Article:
Continuous fraud monitoring and forensic investigations
Acknowledging and addressing the risk of being blindsided
Organizations that use technology to monitor for potential risks, as well as analytics to identify new emerging threats, may be better positioned to mitigate the blind spots in their fraud defenses and address the risks of being blindsided financially, operationally, and legally.
- The nature and potential of continuous fraud monitoring
- Stop chasing, start preventing
- Get in touch
- Join the conversation
- Related topics
The nature and potential of continuous fraud monitoring
Proactive monitoring that leverages advanced analytics can help organizations identify trends, as well as fresh schemes that aren’t based on known instances of fraud. Rather than relying on rules, analytics produce new insights driven by what the data is showing. Attention to several considerations can help an organization generate greater value from its monitoring activities:
Embrace the deterrent effect. People have a way of falling in line when they’re being watched, whether by humans or machines. The mere existence of monitoring, properly communicated, can help nurture compliance with protocols, policies, and guidelines.
Keep it in house. Conducting monitoring within the organization instead of turning to an outside party offers several advantages, including data security and privacy. Data can be analyzed more easily on a continuous basis, and the in-house personnel can learn both how the solution works and how to maintain it.
Customize monitoring to specific risks. Disparate organizations, industries, and locations can present different exposures and threats. Data formats, complexity, and availability can vary widely. Understanding trends and tailoring fraud solutions to specific organizational characteristics and situations, with business unit involvement, can help capture greater value from monitoring activities.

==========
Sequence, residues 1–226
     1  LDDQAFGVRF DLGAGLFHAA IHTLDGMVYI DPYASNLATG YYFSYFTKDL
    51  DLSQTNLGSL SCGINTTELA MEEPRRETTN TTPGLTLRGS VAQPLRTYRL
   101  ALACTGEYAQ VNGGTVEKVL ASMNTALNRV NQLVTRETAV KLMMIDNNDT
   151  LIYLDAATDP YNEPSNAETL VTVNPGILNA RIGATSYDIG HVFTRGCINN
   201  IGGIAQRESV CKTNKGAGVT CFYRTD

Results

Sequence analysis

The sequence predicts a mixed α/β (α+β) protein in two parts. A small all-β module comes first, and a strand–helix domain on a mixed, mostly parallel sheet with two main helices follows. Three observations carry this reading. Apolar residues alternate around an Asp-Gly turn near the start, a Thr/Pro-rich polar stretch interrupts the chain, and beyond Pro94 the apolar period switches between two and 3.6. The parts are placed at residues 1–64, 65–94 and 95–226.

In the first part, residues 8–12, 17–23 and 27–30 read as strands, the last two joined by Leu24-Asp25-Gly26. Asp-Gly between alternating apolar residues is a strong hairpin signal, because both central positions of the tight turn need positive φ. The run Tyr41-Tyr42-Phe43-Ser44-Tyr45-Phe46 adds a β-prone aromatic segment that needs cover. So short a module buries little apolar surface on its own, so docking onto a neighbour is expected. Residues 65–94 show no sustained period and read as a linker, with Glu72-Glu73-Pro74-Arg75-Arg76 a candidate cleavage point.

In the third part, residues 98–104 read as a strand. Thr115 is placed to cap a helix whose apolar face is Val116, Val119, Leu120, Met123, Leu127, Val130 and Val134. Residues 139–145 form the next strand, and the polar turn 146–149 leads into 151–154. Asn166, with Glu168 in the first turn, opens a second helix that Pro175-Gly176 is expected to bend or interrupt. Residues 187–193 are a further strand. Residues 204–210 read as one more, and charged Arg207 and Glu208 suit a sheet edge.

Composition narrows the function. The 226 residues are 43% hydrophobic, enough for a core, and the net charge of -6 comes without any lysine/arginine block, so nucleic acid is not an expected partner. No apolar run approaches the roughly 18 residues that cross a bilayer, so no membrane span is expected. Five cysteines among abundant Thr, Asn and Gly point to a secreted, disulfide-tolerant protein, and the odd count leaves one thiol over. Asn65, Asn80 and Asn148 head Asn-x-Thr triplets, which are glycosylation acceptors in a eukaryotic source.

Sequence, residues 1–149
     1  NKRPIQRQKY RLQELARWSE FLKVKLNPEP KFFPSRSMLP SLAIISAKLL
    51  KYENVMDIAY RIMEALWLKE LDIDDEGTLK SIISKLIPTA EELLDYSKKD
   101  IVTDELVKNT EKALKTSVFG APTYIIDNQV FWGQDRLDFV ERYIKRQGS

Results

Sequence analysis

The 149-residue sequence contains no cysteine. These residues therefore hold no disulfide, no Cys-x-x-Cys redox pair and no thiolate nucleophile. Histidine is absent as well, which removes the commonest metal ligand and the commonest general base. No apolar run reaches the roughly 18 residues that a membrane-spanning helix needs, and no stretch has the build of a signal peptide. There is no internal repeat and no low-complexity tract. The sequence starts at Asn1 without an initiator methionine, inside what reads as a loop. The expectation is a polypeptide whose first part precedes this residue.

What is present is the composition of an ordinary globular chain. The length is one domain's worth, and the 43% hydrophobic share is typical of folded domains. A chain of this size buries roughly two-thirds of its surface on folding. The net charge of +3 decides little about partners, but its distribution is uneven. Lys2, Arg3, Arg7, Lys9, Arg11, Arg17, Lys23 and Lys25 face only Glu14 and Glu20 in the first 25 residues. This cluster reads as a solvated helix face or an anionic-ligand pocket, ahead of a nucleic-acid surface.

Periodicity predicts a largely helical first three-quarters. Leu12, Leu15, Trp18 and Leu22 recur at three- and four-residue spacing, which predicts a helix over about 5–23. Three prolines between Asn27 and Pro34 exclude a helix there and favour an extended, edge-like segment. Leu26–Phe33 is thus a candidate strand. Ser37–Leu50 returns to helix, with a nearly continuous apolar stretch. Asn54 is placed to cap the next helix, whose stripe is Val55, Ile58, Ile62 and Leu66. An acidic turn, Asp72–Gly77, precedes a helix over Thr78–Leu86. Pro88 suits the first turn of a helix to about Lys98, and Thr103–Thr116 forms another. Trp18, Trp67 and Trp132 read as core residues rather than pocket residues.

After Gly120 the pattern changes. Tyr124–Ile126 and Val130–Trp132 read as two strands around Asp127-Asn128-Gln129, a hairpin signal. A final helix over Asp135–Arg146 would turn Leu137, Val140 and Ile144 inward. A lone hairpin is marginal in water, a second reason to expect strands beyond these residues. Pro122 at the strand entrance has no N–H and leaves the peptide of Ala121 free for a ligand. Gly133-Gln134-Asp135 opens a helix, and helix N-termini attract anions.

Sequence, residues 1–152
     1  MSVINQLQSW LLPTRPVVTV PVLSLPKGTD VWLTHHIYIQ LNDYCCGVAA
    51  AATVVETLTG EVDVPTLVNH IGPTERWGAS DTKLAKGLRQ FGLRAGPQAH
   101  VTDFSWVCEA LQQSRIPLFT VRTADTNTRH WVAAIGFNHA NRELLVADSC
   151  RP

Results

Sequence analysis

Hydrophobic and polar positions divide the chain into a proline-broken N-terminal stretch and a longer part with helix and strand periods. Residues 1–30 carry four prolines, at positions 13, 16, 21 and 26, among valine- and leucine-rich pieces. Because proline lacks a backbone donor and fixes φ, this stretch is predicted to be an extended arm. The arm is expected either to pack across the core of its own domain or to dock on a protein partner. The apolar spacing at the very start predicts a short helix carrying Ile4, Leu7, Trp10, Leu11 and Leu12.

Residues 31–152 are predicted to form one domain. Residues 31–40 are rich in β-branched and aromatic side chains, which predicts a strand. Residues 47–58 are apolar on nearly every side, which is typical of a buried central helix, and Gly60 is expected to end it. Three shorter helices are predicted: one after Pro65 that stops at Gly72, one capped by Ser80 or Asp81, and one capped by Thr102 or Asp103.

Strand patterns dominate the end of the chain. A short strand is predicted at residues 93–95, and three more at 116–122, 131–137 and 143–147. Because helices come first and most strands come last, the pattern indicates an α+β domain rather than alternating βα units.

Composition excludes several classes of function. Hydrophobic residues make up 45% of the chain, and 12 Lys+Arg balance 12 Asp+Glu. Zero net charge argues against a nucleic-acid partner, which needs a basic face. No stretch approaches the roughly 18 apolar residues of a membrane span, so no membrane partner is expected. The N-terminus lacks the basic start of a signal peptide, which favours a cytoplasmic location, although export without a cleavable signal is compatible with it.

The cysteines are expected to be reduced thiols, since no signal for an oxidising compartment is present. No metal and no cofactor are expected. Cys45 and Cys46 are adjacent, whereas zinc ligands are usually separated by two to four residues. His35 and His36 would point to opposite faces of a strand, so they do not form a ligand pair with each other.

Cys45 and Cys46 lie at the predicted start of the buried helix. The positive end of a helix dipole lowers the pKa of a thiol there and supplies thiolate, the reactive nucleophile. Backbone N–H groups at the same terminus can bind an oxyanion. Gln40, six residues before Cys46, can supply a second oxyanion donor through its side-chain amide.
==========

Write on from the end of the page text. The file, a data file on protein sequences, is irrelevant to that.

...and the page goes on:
Capitalize on available resources. Some of the tools needed to conduct monitoring may already exist within the organization in areas such as finance and supply chain. Opportunities may exist to leverage these investments for risk management.
Use a range of approaches. Different risks can require different analytical tools. Unsupervised modeling creates statistical profiles of normal transactions or entities and identifies outliers from these profiles.
Involve stakeholders. Risk management is no longer just the responsibility of internal audit and compliance. Business units and other functions have roles to play in identifying, understanding, and addressing fraud risks.
Focus the effort. Monitoring solutions are complex, touching disparate parts of the business. The investment and time required to implement them can seem overwhelming. Rather than casting a wide net, consider conducting a focused, specific proof of concept to understand how a solution works and the value it could potentially provide.
Stop chasing, start preventing
Establishing effective fraud monitoring can seem a monumental task, one requiring significant investment, a major implementation initiative, and huge effort to wrangle the needed data. It needn’t be overwhelming, however. Start by abandoning the idea that an ideal situation and perfect data are required. Deploying analytics is just element of a longer and broader enterprise risk management and compliance journey—a vital part, but just one nonetheless.
Next, conduct a current state assessment to determine where relevant data resides, as well as the infrastructure and tools available to house and carry out continuous monitoring. Then, define objectives, establish focus areas, and prioritize needs and actions. With such an approach, monitoring capabilities can improve iteratively over time, yielding deeper insights, fewer false positives, and a resilient organization less vulnerable to being blindsided by fraud threats.